This capital is still out there, many investors remain under allocated to the sector and values which are 20-30 percent off their peak will look attractive. Combined with strong rental growth that means investors can hit the right returns and perhaps operate in a less competitive environment.
KV: Certainly, if you bought standing assets in the first quarter of 2022, at the top of the market, and revalue this today, your performance would be terrible, but that applies to relatively few investors. Others see the long-term attractions of the sector. Rental growth is ultimately the key investment argument for the sector today; that is what investors want from real estate.
JM: For discerning operators embedded in their markets, there are always opportunities to create value at all stages of the cycle. We bought a large site in the West Midlands, UK after covid but before the war in Ukraine. You would expect pricing to be toppy, but we bought at an excellent price because there was a discount due to the complexity of delivering a scheme there.
“We believe that our developer/trader model is a much more defensive business model than people realize. One of the big reasons for that is you are trading and crytallizing your profit all the way through the cycle”
A relatively low land value per acre and large contingency assumptions have insulated us from subsequent movements in the market. We have plans for a rail freight terminal and interest from more tenants than the initial stages can accommodate, so we still anticipate a great success, even though it was acquired late in the cycle.
So, what operating models are most effective in the current logistics real estate market?
JM: There is an important differentiation between simply aggregating assets in the anticipation of cap rate movement and adding real value. The former means you can be unlucky with market timing. I think more discernment will now come into the market, because of some of the pain that has been felt. People are going to look at the fundamentals a bit more closely than they have been doing. And we expect investors will do more diligence on their operating partners as well.
We believe that our developer/trader model is a much more defensive business model than people realize. One of the big reasons for that is you are trading and crystallizing and taking your profit all the way through the cycle. You are creating value that isn’t dependent on the capital market.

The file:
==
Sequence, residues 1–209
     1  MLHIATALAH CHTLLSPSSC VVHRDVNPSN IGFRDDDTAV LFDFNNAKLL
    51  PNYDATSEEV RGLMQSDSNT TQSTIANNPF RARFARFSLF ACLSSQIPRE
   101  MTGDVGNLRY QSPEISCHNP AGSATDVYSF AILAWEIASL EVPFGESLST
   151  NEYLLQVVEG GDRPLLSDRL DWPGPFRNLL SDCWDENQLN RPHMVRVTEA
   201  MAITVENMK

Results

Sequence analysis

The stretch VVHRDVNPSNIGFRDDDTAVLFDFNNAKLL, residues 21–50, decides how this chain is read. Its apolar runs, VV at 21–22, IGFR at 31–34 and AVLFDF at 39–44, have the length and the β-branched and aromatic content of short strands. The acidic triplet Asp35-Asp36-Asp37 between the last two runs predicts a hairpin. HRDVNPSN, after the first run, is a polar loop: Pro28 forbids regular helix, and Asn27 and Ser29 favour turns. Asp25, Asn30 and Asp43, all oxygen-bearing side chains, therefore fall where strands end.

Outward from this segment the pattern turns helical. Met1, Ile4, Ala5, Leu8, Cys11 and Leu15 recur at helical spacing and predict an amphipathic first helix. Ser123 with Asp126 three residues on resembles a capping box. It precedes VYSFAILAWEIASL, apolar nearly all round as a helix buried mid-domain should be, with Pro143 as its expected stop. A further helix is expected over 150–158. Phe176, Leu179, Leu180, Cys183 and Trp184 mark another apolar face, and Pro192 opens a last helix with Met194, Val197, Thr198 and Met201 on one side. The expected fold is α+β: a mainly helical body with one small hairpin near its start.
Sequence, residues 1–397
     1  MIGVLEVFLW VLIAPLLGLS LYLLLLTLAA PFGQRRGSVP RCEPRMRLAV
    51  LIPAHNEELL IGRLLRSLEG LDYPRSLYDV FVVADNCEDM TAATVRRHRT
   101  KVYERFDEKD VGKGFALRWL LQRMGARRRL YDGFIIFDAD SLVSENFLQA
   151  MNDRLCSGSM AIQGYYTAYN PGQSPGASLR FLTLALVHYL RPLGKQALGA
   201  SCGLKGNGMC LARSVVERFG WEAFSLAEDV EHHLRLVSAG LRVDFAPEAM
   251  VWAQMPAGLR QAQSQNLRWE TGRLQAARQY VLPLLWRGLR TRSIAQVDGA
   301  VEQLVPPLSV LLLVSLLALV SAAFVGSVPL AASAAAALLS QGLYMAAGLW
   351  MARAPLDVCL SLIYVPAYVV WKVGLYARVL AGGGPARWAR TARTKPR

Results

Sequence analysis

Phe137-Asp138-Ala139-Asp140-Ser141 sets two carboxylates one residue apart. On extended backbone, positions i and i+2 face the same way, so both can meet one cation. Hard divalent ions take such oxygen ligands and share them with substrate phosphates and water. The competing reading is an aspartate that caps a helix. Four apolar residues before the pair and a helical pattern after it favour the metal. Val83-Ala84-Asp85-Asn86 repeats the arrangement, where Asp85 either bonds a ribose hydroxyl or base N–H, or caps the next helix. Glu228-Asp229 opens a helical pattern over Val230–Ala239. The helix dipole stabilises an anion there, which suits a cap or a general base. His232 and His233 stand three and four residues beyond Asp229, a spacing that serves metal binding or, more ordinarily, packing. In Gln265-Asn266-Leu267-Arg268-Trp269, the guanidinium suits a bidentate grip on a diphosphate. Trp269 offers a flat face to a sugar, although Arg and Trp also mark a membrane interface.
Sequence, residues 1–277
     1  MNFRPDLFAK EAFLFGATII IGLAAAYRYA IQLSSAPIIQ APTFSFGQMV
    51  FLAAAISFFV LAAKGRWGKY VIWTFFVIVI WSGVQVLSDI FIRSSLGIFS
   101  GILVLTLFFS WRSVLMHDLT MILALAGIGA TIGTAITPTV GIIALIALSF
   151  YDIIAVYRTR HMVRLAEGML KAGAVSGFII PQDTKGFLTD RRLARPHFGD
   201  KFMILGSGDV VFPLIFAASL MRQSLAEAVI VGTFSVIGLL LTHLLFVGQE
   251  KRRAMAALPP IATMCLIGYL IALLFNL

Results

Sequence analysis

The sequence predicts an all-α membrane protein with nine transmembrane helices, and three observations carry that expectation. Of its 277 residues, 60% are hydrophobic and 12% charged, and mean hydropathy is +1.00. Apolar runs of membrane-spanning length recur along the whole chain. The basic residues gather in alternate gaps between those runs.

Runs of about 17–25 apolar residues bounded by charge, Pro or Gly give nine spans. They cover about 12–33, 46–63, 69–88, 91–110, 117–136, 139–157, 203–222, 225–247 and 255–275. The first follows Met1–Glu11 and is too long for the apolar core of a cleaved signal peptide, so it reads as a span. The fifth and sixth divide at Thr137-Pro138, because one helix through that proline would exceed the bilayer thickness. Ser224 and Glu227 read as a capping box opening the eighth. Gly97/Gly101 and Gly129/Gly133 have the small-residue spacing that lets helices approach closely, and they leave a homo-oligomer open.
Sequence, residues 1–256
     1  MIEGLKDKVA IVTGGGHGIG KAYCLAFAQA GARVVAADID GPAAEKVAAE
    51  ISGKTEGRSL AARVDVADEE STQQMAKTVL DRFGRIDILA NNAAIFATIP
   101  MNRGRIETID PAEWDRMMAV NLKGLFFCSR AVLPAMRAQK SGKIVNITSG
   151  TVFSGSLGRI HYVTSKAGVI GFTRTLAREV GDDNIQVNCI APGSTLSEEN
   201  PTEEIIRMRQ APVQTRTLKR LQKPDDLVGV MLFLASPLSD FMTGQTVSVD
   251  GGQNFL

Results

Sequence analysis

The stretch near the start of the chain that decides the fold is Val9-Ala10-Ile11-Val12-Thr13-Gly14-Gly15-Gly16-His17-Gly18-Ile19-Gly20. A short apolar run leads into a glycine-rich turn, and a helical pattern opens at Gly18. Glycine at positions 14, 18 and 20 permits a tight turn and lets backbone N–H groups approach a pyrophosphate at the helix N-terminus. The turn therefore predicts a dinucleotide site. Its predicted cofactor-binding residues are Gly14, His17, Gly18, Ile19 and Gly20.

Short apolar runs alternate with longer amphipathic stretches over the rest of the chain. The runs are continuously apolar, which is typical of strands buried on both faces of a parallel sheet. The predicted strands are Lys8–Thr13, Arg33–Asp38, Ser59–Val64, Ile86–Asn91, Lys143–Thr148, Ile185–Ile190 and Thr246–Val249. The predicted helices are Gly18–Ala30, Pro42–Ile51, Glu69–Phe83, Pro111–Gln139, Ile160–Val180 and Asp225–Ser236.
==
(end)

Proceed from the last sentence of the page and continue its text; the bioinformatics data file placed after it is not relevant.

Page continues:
We are creating buildings, structuring leases, converting brownfield sites and refurbishing assets to improve ESG credentials. That is all nitty gritty value creation that isn’t dependent on the capital markets.
“Rental growth is ultimately the key investment argument for the logistics real estate sector today”
KV: A well-executed developer-trader business model is inherently built on adding value to the real estate, so from our point of view it doesn’t really matter that much where the precise yield is as long as there is a spread between where we go into a project and the total cost, and the value we create and how we exit it. Provided that you add value along the way, it is a robust business model throughout the cycle.
In an uncertain market, it is important to be defensive. How can that be achieved in logistics?
JM: You must be close to your occupiers, which is where we spend a lot of time, delivering the logistics space they need. This is also an important part of overall investment market liquidity.
Some occupiers are looking for turnkey developments or to buy out their lease or acquire a property. We have had good liquidity moments during the last year; for example, a turnkey deal to Costco in Madrid, in May, when the rest of the market was paused.
We have just over 16 million square feet of development pipeline right now and 80 percent of that is de-risked due to pre-letting, turnkey deals and sales to occupiers, or off-balance sheet joint ventures. That is good insulation against changing capital markets.
Rising finance costs are an issue for a lot of real estate players, but if you are developing and adding value, it is not so important a factor, compared with those who are aggregating assets and looking for yield shift. We have operated with relatively low leverage in the past cycle and can continue to do so.
That is a consequence of the development process and where value is added along the way. Not being reliant on leverage as the key factor to boost returns is another defensive factor.
Is this a good time for logistics real estate businesses to be expanding?
JM: We are very excited about buying more land, while others are shying away. We want to use our balance sheet to really grow our book after the last couple of years.
It is also a moment to diversify our activity and data centers is an area of particular new focus. Capital markets have not been so much affected there by the interest rate hikes and it is difficult to create sites which work for hyperscale operators, so there is undersupply and a real need for more.